This question goes to the very heart of this profound novel as it explores the way that the pearl, which was hoped to have done so much good for Kino and his family, actually becomes a symbol of man's greed and avarice, and brings disaster and destruction to Kino. In this sad chapter, we see the pearl bringing discord between Kino and Juana, Kino is attacked for the third time because of it and kills a man to defend the pearl, Kino's canoe that he inherited from his ancestors is destroyed and their house is ransacked and then burnt to the ground. As Juan Tomas says:
"It is the pearl... There is a devil in this pearl. You should have sold it and passed on the devil. Perhaps you can still sell it and buy peace for yourself."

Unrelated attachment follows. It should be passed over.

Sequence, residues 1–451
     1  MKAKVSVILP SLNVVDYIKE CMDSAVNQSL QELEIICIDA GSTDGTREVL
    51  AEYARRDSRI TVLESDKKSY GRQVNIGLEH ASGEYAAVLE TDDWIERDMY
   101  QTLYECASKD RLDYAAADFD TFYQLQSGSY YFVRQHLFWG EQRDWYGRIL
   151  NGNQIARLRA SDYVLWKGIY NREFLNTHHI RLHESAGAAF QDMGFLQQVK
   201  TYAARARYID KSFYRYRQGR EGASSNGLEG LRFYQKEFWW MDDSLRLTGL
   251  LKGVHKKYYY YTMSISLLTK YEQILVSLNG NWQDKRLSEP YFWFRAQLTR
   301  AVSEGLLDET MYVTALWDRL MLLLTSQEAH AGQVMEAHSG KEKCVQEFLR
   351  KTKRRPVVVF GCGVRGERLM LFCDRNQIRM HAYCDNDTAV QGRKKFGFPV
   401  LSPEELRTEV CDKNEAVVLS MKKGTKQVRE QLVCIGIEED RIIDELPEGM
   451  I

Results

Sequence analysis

However, as Kino responds later on in this Chapter, it is clear that the significance of the pearl has changed for him:
"I have it," said Kino. "And I will keep it. I might have given it as a gift, but now it is my misfortune and my life and I will keep it." His eyes were hard and cruel and bitter.
This is why the pearl has become his "soul," because on the one hand the pearl has lost Kino so much that now it is all he has left, and on the other hand he has lost himself to the pearl and to the dreams of wealth that he has become a changed man, "cruel and bitter" and one whose eyes light up when he touches the blade of a knife.